But to support this intuitive assessment we needs must have some kind of supporting evidence, either in the witness of contemporaries who knew them both, or, in the lack of manuscript material by Anna Kingsford, other writings by Edward Maitland.
The latter, it has to be said, are not an easy read, but I can claim to be one of the few, along with Alan Pert, to have attempted the task, for I did at one time also contemplate writing an up-date on Anna Kingsford, and as preparation read most of Maitland’s literary work, along with books that he said had influenced him. It was a wild and woolly scenic ride through early Victorian romanticism, and had its fascinating and invigorating moments, including Emerson, Lord Lytton, Southey’s “Thalaba the Destroyer”, Charlotte Bronte, the now obscure Abraham Tucker and the now unheard of Philip James Bailey, whose “Festus” is a vast cosmological drama in verse.
Maitland cites these in The Pilgrim and the Shrine, his promising first novel which is largely autobiographical, containing an account of his youthful adventures in the West Indies, the 1849 California gold rush, and thence via the Pacific Islands to Australia to seek a fortune in the gold mines of New South Wales. However, once arrived in the antipodes the novel begins to lose its pace and grip and devolves into rather tedious metaphysical discussion, a trend to which he had been intermittently prone in earlier pages.
His next novel By-and-By: an Historical Romance of the Future continued this trend, although as a utopian metaphysical science fiction novel it could have been a great idea at the time, even foreshadowing Jules Verne, it suffers from a cloying sentimentality, and his view of womanhood is quite bizarre, a kind of submissive and not very bright angel being his ideal of femininity. It is thus surprising that he claims it was Anna Kingsford’s admiration for this novel that caused her to get in touch with him, for it contains material very much at odds with her feminist principles. Indeed he admits to her saying that at first reading she had flung it down in disgust – but this apparently because she saw elements of herself in his heroine! Make of this what we may.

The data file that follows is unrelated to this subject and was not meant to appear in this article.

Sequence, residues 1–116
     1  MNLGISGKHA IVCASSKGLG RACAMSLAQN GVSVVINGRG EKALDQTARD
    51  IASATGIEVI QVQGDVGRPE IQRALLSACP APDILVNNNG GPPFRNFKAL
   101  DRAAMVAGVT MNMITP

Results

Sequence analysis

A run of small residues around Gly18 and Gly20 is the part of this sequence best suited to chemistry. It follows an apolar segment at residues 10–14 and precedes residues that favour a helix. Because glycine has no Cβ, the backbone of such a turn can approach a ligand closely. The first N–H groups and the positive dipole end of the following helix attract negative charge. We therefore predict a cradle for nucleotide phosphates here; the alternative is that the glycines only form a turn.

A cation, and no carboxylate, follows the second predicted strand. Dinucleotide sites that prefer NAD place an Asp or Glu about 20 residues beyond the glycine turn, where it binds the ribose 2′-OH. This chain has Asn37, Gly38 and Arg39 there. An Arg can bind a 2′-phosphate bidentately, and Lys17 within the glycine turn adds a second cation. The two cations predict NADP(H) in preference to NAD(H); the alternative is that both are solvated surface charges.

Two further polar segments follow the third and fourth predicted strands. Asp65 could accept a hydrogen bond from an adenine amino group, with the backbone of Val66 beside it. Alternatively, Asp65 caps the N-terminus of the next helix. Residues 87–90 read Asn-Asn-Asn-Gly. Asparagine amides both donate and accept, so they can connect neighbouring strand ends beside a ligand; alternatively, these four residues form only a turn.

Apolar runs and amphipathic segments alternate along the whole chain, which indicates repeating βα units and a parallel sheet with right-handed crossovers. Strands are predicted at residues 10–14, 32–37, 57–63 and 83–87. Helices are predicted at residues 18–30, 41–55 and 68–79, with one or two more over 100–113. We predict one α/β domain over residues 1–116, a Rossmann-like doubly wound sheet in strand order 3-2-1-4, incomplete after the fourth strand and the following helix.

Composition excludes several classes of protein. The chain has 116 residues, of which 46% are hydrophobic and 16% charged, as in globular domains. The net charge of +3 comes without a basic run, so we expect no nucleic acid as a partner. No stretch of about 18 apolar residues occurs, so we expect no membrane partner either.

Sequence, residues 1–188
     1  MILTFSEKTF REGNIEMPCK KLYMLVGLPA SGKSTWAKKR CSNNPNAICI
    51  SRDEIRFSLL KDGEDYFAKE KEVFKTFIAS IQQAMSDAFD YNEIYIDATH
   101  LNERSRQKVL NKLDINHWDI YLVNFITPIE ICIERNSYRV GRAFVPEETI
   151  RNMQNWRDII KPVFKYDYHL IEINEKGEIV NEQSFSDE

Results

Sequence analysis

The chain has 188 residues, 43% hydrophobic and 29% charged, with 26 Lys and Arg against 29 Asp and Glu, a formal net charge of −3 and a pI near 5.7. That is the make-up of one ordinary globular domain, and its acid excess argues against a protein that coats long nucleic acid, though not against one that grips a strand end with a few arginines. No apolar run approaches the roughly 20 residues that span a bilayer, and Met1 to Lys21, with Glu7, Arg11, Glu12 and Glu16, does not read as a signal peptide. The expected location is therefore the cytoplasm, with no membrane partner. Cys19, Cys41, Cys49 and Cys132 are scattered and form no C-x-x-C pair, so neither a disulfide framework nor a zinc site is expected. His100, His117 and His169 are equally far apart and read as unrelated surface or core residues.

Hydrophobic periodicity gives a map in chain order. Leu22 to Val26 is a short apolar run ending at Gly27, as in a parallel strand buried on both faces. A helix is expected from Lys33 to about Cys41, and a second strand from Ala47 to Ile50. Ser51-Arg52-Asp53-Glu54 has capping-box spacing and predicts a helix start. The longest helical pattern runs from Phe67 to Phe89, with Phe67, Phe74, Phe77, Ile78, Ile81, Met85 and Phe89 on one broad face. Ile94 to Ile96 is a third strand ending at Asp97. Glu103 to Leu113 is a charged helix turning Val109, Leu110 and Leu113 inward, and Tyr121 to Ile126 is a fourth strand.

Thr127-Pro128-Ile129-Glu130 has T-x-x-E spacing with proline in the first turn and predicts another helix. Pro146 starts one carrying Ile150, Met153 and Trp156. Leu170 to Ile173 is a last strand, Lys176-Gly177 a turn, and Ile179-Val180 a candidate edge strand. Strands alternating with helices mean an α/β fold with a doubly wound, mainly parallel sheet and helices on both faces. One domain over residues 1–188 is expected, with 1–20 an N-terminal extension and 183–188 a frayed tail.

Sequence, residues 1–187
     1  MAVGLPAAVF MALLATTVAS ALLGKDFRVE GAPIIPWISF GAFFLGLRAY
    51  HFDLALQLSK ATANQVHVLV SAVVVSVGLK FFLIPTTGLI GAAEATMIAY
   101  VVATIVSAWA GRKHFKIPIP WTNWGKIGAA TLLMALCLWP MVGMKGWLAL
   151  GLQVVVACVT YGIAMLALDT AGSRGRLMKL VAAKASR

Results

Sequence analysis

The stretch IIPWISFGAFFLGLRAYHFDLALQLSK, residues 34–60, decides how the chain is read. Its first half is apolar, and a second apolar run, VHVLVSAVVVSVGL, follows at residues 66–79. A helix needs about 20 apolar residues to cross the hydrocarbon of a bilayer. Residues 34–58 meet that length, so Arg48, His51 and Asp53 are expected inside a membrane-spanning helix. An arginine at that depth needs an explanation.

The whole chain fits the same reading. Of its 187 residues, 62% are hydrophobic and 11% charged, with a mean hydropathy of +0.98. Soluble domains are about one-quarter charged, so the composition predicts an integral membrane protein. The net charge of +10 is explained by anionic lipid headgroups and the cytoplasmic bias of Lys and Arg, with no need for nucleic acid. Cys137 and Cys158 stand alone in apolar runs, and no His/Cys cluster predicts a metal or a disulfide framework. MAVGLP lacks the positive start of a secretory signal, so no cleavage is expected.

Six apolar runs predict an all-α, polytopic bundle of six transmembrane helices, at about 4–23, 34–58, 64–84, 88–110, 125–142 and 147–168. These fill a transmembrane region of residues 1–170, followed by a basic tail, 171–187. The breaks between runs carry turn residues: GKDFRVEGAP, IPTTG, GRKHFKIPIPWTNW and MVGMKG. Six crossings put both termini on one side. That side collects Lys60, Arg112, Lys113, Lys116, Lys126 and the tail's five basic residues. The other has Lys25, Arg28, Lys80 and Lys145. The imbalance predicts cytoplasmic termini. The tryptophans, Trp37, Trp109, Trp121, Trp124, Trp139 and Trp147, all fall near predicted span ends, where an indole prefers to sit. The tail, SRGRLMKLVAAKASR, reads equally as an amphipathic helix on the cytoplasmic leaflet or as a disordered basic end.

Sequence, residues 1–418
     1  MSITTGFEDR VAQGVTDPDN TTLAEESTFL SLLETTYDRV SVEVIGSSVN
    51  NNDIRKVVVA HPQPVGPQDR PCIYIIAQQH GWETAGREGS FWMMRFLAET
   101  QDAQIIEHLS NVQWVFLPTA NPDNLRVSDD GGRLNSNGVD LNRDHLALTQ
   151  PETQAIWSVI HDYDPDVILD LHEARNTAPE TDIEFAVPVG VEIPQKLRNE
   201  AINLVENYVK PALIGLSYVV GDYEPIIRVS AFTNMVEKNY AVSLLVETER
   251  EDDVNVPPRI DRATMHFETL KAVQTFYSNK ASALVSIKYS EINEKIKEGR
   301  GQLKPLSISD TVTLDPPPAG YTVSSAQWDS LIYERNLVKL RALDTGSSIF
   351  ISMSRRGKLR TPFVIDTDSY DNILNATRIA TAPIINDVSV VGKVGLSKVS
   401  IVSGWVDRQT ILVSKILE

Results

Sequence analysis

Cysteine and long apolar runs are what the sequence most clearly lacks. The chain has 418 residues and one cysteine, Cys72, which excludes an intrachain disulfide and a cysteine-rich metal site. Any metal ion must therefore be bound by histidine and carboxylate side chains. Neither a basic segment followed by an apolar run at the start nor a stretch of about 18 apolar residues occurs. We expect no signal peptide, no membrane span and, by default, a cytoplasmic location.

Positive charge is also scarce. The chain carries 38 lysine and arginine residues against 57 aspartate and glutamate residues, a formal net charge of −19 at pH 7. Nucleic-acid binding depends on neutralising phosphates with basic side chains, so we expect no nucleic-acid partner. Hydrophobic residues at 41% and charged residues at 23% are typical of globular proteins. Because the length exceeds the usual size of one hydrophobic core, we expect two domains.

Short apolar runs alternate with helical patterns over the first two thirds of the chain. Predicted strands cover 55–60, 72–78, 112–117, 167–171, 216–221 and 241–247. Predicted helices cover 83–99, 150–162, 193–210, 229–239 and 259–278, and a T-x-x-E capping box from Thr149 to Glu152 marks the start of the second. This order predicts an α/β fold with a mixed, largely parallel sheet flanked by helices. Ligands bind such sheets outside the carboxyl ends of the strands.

It seems that his publishers encouraged him to abandon fiction after this but his non-fictional work England and Islam becomes at times quite off the wall. It is a political diatribe that began as a letter to “The Times” but developed into a lengthy volume, dashed off in six weeks, that he felt had almost divine authority, because parts of it were written under spirit guidance, his fingers at times being controlled as he worked at the typewriter.
That his publishers accepted it is surprising, although it may have seemed topically opportune, as dealing with current concern over possible war with either Russia or Turkey. That his family considered it as grounds for having him mentally certified seems not unreasonable, although he considered this to have been sectarian bigotry on their part that was fortunately thwarted by psychic intervention.
He later confessed that the work had probably destroyed his literary reputation, such as it then was, but having met Anna Kingsford he now brought out The Soul and How it Found Me, a book recording the mystical effect of their association upon his inner life. It found few readers outside of the spiritualist movement and on strong representations from Anna Kingsford was withdrawn from publication. Although she was not mentioned by name in it, it was evidently doing her reputation no good at all. Maitland bought in all the remaining stock and had it destroyed, but vowed to use the material in his eventual book on Anna Kingsford.